Figure 1: Hyperextension trauma of the carpometacarpal joint.
Figure 2: Post-operative control of pancarpal arthrodesis.
Figure 3: CT control 7 weeks after surgery. Bone formation is visible at several regions of the carpal joint (arrows). The pancarpal arthrodesis plate is located dorsally (star).
An 8-year-old male castrated mix breed dog was referred to the small animal hospital after diagnosis of a carpal instability due to a jump from a 3.5 m height. Initial clinical presentation was stable and orthopedic examination revealed a severe lameness on the right front limb with carpal instability. Stress radiographs confirmed the diagnosis and the suspicion for ligament rupture (Figure 1). In addition to the hyperextension trauma with palmar instability of the carpometacarpal joint, an acute proximal diaphyseal fracture of the metacarpal bone II, carpometacarpal subluxation MC V was visible.
As the dog had severe otitis and dermatitis, those conditions were treated prior to surgical fixation of the carpus with pancarpal arthrodesis, to reduce the risk for an infection. After both dermatological conditions were resolved the dog was operated and pancarpal arthrodesis was performed using a 3.5 mm pancarpal arthrodesis plate. Xcyte, a new osteoinductive material, was additionally introduced into the joint spaces after the cartilage of the carpal articulations was removed with a small burr. Figure 2 shows the post-operative control of the pancarpal arthrodesis on the right front limb.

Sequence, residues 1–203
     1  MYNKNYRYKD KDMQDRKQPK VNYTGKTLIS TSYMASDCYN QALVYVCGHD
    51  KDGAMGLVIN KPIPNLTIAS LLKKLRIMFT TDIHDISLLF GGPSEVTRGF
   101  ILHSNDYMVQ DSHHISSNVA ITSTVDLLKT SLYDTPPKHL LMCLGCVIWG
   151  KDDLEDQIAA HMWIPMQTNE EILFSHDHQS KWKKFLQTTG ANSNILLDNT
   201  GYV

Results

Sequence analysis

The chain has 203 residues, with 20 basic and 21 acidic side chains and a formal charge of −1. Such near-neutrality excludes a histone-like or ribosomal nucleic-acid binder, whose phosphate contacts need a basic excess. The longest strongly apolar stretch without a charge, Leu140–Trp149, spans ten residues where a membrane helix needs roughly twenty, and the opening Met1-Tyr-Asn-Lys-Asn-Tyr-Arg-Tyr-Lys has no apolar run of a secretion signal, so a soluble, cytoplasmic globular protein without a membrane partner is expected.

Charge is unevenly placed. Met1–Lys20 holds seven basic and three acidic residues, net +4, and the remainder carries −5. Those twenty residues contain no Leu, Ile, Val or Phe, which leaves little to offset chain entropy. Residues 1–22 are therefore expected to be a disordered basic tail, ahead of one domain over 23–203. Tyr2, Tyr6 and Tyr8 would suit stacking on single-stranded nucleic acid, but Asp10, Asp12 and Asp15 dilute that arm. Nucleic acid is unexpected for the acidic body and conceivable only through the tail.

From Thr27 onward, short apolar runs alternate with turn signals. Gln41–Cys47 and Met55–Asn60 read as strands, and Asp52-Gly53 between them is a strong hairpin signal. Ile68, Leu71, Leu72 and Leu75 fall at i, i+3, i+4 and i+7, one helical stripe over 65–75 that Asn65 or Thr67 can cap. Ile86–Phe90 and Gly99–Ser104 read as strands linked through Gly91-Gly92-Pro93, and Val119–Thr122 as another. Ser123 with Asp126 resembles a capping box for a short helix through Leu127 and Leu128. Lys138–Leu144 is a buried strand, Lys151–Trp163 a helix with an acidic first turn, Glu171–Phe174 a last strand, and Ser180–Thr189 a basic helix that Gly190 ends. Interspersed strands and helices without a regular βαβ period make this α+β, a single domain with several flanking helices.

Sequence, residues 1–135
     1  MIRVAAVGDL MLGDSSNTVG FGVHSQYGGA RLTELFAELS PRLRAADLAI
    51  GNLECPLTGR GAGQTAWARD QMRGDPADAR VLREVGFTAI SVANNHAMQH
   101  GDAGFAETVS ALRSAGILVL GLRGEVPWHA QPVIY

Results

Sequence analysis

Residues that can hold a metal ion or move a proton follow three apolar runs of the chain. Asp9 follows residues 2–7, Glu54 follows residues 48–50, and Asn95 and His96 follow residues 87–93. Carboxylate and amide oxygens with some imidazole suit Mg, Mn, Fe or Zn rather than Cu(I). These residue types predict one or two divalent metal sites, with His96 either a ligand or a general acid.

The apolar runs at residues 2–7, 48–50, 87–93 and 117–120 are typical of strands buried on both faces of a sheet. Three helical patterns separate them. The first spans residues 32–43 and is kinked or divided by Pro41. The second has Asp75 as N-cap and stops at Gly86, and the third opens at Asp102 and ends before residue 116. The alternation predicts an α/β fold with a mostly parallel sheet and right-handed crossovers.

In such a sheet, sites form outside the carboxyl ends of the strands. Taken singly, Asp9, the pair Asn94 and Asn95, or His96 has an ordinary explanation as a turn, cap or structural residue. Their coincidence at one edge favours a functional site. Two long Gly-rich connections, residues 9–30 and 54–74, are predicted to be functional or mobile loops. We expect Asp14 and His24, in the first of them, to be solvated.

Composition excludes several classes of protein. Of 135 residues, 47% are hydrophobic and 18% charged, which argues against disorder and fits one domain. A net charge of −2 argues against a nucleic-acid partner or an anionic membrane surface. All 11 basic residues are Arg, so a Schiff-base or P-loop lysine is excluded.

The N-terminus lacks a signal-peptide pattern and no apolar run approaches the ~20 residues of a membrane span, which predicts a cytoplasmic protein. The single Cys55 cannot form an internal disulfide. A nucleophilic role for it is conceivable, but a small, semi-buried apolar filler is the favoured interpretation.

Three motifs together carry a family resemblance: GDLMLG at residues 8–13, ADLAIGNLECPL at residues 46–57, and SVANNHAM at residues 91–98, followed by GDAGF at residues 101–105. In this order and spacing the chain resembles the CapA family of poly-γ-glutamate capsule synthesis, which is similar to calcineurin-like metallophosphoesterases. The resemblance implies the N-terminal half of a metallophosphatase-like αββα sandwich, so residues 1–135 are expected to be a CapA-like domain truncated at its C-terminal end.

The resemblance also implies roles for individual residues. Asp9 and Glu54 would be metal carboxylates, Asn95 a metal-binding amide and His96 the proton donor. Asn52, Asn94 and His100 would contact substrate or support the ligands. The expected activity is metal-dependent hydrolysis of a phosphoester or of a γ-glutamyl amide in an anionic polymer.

Bandage changes were performed at the private veterinarian. A small wound was treated with wound management (frequent bandage changes and application of wound coverage). Seven weeks after surgery a control, including a control CT, was performed. The dog showed no lameness. The control CT displayed progressive, but still incomplete carpal ankyloses and persistent dislocated fractures of MC II and V, with little bridging callus.